Acer's newfound confidence marks a dramatic turnaround for the company. In the late 1990s, Acer's brand-name PCs faced cutthroat competition while its contract manufacturing division (which built machines for the likes of Dell and IBM) fell behind Taiwanese rivals Quanta Computer Inc. and Hon Hai Precision Industry Co., which focused exclusively on outsourcing work. As a hybrid, Acer was hard-pressed to keep pace since would-be customers often worried that by outsourcing production to Acer they were helping a competitor. About the same time it was facing hard times in Asia and Europe, Acer was forced to beat a hasty retreat from the U.S., where its market share fell to just 2.2% in 1999, from 4.7% in 1996.
Acer needed strong medicine. So three years ago, Shih and Wang came up with a bold plan to remake the company. To eliminate the conflict- of-interest problem, they jettisoned the contract manufacturing business, spinning it off as a separate company, Wistron. Then, to keep their focus on PCs, they spun off both Acer's consumer-electronics division, now known as BenQ Corp., and AU Optronics, a joint venture with chipmaker United Microelectronics Corp. (UMC) that manufactures liquid-crystal display panels. In fact, the company has given up on manufacturing; Hon Hai now makes Acer's desktops and Quanta its notebooks. "Before, we couldn't get [Acer's] business," says Quanta Chairman Barry Lam.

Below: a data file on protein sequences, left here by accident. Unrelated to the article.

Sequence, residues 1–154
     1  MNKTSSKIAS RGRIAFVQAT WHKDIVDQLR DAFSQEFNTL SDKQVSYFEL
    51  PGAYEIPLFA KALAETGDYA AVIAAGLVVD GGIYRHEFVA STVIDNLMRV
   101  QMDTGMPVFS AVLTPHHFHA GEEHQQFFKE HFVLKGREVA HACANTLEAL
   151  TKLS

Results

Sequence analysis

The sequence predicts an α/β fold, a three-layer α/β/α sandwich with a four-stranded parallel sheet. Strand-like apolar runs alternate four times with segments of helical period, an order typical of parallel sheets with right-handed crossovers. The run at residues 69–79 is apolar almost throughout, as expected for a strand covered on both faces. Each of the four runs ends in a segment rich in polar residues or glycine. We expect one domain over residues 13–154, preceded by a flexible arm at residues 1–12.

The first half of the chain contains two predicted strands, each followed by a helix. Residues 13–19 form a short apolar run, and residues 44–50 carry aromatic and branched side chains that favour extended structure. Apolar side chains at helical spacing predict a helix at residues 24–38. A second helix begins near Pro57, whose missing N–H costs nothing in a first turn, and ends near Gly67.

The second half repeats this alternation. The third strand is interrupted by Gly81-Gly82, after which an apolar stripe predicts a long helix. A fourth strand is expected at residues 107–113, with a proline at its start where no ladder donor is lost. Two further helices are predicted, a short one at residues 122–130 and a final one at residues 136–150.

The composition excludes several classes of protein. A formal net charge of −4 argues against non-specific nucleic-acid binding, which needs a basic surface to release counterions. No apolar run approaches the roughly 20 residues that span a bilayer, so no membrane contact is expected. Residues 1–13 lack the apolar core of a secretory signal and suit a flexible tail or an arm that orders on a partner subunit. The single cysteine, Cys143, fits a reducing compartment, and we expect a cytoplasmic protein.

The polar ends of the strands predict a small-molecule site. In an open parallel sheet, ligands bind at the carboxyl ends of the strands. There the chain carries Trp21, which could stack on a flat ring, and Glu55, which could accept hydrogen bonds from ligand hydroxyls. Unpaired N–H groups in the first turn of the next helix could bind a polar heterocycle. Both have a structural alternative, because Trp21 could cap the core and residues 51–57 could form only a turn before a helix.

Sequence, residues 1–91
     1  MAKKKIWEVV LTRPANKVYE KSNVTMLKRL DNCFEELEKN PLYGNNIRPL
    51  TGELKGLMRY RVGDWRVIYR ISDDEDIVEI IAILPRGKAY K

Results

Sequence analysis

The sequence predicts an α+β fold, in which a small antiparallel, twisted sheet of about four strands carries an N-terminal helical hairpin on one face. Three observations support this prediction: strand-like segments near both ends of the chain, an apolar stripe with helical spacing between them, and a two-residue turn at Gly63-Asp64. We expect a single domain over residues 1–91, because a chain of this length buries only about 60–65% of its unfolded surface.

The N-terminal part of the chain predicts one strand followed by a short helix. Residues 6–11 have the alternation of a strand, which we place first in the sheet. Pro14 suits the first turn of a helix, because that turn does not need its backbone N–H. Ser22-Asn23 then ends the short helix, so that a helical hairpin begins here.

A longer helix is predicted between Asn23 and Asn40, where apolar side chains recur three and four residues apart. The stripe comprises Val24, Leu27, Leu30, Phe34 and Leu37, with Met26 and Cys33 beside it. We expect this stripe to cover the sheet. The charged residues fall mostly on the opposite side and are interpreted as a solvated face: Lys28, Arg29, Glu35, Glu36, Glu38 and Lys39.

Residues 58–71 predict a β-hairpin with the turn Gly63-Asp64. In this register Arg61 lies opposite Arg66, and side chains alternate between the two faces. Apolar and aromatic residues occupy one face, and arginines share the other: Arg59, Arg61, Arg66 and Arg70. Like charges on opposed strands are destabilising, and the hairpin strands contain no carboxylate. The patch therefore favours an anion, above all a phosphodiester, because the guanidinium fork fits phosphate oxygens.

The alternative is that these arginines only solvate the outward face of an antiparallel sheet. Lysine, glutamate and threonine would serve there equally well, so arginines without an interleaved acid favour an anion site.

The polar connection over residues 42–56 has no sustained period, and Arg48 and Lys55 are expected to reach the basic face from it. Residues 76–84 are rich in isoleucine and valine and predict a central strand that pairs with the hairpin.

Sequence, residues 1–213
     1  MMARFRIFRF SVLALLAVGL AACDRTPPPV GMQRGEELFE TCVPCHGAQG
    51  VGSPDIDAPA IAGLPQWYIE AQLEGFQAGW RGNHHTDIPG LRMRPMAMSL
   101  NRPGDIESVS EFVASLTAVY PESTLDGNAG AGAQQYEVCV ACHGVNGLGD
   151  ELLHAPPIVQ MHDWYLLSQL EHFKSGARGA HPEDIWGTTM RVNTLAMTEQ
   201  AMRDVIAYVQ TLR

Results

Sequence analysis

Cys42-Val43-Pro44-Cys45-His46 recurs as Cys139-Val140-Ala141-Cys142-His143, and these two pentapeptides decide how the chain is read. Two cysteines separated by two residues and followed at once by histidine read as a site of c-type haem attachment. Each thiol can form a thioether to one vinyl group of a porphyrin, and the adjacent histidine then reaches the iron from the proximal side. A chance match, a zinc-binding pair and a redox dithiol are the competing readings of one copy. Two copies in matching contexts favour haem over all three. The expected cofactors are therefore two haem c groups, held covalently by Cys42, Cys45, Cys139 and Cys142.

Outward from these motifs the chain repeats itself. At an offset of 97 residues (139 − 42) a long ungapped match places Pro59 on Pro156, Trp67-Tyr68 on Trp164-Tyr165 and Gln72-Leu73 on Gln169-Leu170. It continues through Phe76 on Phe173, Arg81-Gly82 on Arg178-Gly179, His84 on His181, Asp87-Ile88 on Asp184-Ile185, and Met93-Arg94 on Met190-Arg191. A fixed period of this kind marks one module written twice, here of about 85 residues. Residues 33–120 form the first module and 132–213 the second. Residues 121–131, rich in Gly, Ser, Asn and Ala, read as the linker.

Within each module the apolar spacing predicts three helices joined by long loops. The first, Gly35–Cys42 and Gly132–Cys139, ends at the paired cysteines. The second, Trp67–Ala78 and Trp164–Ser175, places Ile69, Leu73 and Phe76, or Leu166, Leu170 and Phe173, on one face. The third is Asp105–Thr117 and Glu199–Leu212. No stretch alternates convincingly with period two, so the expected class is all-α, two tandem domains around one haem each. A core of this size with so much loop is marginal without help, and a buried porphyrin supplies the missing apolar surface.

The strategy has paid off best in Europe. Acer is the leading notebook seller in Italy, Germany, the Netherlands, and Austria, and is No. 2 overall in Italy and Spain. Acer's profile has been boosted by marketing ploys such as a bright red notebook co-branded with Ferrari, and it makes about a quarter of its European sales through consumer-oriented retailers such as Carre- four and Dixons.
But Acer's real strength in Europe derives from a strategy of working with middlemen such as Ingram Micro Inc. (IM) and Tech Data Corp. (TECD) to boost sales to corporations and specialized computer stores. While other companies push distributors aside and focus on direct sales, Acer maintains a close relationship with its dealers, says Fabrizio Cucchi, owner of Absolute, a Milan distributor that sells Acer and other brands. Acer executives "are interested in who sells their product and how," he says.